Acid Rain and Our Ecosystem

More than 150 years after acid rain was first identified, scientists now see success in recovery from its damaging effects

The region's legacy of acid rain is clearly visible in the black crust on the gravestones at the Madison Street Cemetery in Hamilton, New York. (Cassandra Willyard)

Geologist Rich April climbs the small hill behind Colgate University and makes his way into the cemetery. He stops before a white marble pillar erected in 1852. The inscription is nearly illegible. Over time, any stone exposed to the elements will weather, April explains, but this marble has weathered unnaturally fast. The culprit? Acid rain.

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April pulls a vial of acid from his pocket to demonstrate. He unscrews the cap and lets a few drops leak onto the stone, where they fizz and bubble. The rain that fell throughout the Northeast in the latter half of the 20th century wasn’t as acidic as the liquid in April’s vial, but the principle is the same. Acid eats marble. Given enough time, it can erase even words meant to last an eternity.

The effects of acid rain extend far beyond graveyards. Acid rain destroyed fish populations in lakes and streams, harmed fragile soils and damaged millions of acres of forest worldwide.

These far-reaching effects illustrate the profound impact air pollution can have on the land. But the story of acid rain is also a tale of how understanding air pollution can lead to solutions. Due to overwhelming scientific evidence linking power plant emissions to acid rain and acid rain to the death of lakes, new regulations have dramatically cut emissions and cleaned up the rain that falls on the United States.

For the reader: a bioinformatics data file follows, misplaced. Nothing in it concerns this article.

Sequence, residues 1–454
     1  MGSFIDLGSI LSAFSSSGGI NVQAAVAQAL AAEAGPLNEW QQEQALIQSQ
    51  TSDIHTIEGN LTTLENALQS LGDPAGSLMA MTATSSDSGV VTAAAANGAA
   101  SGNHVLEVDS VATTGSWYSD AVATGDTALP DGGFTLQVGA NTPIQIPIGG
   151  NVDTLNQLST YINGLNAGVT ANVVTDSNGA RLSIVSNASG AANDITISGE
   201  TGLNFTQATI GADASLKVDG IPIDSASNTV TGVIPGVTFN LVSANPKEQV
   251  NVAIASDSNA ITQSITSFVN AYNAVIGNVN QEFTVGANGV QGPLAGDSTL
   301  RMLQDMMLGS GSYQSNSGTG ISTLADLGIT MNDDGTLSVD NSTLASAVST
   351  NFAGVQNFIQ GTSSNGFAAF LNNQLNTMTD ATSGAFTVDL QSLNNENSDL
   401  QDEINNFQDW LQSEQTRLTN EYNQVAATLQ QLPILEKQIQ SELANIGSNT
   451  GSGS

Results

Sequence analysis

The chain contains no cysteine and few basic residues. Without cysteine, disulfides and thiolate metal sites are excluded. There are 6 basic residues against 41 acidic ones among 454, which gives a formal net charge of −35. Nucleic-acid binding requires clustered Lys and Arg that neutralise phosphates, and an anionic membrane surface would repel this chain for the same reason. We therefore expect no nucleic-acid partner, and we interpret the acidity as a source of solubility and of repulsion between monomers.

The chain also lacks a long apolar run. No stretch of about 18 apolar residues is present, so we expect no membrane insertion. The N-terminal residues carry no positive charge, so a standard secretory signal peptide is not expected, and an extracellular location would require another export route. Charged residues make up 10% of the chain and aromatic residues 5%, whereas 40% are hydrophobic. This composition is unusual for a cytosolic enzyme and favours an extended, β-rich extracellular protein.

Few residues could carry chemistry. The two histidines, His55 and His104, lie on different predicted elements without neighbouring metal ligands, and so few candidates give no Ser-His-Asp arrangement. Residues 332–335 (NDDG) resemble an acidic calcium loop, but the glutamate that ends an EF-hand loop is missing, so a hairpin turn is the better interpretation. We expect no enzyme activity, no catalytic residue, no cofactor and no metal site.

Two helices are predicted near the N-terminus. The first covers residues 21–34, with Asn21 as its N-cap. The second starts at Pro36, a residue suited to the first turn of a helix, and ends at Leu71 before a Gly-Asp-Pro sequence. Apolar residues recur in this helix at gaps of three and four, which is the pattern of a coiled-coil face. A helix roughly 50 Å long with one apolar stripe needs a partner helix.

The term ‘acid rain’ was coined in the mid-1800s, when Robert Angus Smith, a Scottish chemist working in London, noticed that rain tended to be more acidic in areas with more air pollution and that buildings crumble faster in areas where coal is burned. But it took another century for scientists to realize that acid rain was a widespread environmental problem. Scandinavian scientists began to document acidic damage to lakes and streams in the 1950s. In 1963, Gene Likens, then at Dartmouth, and colleagues began collecting and testing the pH of rainwater in New Hampshire’s White Mountains as part of an ecosystem study. They were surprised to find that it was quite acidic, but they didn’t have much basis for comparison; at that time, scientists weren’t regularly measuring the pH of rainwater.

Likens took a job at Cornell a few years later and set up instruments to collect rainwater in the Finger Lakes region and soon observed that the rain in New York was roughly as acidic as rain in New Hampshire. “That was the first clue that we had that this might be some kind of a regional phenomenon,” he says. But neither Likens nor his colleagues had a clear idea what the cause might be.

Likens won a fellowship that took him to Sweden in 1969, a serendipitous event, he says, because he met Svante Odén, a scientist at Uppsala University who had observed the same trends in Sweden that Likens had been observing in the Northeastern United States. Odén had his finger on a potential cause. “He was trying to build a case that [acid rain] might be due to emissions coming from the more industrialized areas of Europe,” Likens recalls.

Likens and his colleagues traced the emissions from coal-fired power plants and examined satellite and aircraft data, and they found a similar long-distance link. “Sure enough, the emissions were coming primarily from Midwestern states like Indiana, Ohio, Illinois and Kentucky,” Likens recalls. “They were making their way literally thousands of kilometers to New England and southeastern Canada and coming back down as acids.”

He reported his findings in Science in 1974, and the story was immediately picked up by newspapers. The phone didn’t stop ringing for months, Likens recalls. “It was that media exposure that really put acid rain on the map in North America.”

Acid rain occurs, Likens and Odén and other scientists realized, when sulfur dioxide and nitrogen oxide enter the atmosphere and react with water to form sulfuric and nitric acids. Natural sources of these gases exist—volcanoes, for instance, belch out sulfur dioxide—but the vast majority comes from the burning of fossil fuels, especially by coal-fired power plants. The tall smokestacks allow pollution to travel long distances. According to studies conducted by Likens and his colleagues, normal rainwater has a pH of 5.2. During the 1970s and 1980s, when acid rain was at its worst, scientists recorded pH levels as low as 2.1, roughly 1,000 times more acidic.


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